Here’s a tip that you can have for free, Simon. When this all comes around again next season, give your page in the brochure over to a picture of Bobby Robson and the text of the quote at the top of this article. It will speak to fans in ways that, with the best will in the world, you can’t. As Sir Bob himself might have said, just keep it simple. It is, after all, a simple game. You stick to your optimising Simon – we’ll look after the football.


*NB may not actually resemble a rollercoaster. Can sometimes just be more like a fairly slow roundabout. Or a badly-laid out Crazy Golf course.

The Seventy Two published an outstanding series of articles about the Football League between 2010-12 and was the brainchild of Leicester City fan, David Bevan. As well as collaborating with The Two Unfortunates on the Football League Blog Network and a mammoth 2011-12 season preview, the site featured a host of leading bloggers and David was rewarded with a nomination in the 2011 Football Supporters’ Federation awards. Latterly, he was joined as co-editor by Joe Harrison and TTU is happy to present this archive of the site’s output.

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6 Comments on "Clegg on your face: The words of a clown at Ipswich Town"

  1. Chris Rand says:

    Chapeau, Sir. You wonder if other clubs have senior management like this, and you realise that of course they do: at least, the “big clubs” at the top of the Premier League, anyway. Something which Ipswich Town most certainly are not. And then you wonder why such a high-profile appointment as CEO was made in the first place, and you realise that it was a starry-eyed new owner putting in the preparation for the club’s instant transformation into one of the country’s big clubs. Gotta have the right people in place, you see. You wonder if he only appointed Roy Keane and Simon Clegg because Sven and Sir Clive were already taken.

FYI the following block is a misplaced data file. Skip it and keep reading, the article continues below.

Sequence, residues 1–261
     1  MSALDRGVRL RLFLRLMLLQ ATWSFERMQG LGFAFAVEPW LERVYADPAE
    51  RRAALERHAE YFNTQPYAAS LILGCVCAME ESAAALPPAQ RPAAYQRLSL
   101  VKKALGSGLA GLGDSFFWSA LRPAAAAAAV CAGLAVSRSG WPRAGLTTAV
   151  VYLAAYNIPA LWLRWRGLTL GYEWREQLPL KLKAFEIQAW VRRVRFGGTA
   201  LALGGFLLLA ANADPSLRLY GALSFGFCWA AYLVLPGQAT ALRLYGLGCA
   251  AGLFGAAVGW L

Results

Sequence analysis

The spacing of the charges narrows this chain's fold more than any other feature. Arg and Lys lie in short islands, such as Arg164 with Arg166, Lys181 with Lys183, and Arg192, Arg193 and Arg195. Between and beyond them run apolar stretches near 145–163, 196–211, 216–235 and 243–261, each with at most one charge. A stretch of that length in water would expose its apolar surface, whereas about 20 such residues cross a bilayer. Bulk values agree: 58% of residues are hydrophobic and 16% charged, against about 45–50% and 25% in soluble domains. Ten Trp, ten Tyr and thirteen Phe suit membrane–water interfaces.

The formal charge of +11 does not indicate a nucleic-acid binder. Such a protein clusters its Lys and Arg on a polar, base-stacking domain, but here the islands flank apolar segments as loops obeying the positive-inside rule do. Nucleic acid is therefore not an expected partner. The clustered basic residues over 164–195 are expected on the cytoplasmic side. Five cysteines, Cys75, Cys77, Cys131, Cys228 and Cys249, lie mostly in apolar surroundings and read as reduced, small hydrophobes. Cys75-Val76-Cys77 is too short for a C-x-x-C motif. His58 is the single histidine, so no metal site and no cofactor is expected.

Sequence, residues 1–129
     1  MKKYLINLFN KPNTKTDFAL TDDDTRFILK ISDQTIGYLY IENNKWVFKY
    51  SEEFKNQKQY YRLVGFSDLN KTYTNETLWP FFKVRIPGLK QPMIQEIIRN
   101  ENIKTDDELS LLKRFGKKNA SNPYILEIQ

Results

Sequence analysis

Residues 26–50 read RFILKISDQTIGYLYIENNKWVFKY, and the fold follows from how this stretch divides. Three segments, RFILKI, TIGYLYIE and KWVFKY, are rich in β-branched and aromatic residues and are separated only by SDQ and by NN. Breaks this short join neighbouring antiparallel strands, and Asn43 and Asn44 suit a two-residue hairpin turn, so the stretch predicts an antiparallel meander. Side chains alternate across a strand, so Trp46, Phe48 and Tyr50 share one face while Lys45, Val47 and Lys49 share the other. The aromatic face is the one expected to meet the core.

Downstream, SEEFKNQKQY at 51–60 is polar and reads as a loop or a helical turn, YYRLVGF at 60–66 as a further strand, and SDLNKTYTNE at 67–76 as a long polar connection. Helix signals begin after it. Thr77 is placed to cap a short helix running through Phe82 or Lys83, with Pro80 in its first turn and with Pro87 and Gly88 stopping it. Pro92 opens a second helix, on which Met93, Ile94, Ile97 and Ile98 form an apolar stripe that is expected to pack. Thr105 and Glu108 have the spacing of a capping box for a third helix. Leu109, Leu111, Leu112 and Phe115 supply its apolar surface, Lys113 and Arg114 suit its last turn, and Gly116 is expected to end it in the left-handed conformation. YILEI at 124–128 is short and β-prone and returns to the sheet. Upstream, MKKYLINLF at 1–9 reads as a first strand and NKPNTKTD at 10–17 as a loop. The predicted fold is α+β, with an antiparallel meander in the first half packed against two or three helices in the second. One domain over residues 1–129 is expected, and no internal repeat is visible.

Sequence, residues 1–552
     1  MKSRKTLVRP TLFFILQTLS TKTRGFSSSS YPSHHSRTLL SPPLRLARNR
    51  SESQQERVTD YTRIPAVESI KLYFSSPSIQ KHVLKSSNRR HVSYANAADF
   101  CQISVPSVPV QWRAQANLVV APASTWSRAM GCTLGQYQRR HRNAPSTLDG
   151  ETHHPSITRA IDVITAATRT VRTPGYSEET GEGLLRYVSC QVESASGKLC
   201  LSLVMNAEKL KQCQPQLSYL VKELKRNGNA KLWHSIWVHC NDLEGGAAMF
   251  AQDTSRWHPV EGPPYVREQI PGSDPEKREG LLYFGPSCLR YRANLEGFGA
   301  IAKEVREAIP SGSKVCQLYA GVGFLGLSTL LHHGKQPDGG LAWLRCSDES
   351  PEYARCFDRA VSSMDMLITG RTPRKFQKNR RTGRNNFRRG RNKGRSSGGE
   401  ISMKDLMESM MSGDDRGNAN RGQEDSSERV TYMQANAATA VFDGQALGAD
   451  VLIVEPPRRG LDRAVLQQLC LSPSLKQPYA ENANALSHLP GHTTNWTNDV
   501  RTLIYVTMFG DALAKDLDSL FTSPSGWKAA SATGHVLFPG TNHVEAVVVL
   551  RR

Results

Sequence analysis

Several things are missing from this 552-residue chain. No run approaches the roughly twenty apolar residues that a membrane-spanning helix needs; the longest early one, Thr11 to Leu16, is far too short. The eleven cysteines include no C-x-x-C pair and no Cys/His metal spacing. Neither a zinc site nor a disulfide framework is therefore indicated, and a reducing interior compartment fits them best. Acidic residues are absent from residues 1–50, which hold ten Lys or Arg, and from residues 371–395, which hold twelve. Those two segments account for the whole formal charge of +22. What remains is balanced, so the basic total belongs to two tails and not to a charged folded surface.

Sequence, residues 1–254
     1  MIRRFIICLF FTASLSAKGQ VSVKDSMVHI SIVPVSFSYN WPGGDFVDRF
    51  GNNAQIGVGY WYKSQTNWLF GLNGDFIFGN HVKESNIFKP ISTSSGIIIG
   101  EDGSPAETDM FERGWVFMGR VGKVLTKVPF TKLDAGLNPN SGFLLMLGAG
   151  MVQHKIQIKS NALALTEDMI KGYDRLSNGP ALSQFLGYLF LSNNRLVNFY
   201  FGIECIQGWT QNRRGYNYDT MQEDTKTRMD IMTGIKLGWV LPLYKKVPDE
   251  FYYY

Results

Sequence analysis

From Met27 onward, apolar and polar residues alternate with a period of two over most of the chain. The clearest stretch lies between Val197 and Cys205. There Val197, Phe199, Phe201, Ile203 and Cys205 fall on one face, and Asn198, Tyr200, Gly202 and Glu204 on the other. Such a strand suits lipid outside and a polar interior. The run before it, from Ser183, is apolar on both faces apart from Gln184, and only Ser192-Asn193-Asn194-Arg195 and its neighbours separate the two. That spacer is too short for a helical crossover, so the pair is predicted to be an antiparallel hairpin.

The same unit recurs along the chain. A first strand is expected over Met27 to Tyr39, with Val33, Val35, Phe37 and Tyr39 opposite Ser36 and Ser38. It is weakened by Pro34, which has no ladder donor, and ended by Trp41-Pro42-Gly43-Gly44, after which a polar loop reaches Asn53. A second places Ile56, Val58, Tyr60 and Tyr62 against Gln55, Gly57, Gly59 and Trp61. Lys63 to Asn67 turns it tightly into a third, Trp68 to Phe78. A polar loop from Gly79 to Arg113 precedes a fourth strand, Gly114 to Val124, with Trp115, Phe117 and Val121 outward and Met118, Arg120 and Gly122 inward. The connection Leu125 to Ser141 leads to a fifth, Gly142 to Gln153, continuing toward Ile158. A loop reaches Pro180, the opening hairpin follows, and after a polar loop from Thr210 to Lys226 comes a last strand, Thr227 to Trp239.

2. jim savage says:

    Agreed – pathetic

  3. Josh Tarrant says:

    It is sometimes a bit painful to see how much those ‘higher ups’ are out of touch with the ‘common man’!
    I know we are now in a day and age where football clubs are as businesses – and that business men run them – but it sure as hell shouldnt mean that the business men should speak to me as a business men. Show some passion, you want me to plump down 500 quid for a season ticket – sell it to me. Show me that you believe in this club as much as I do.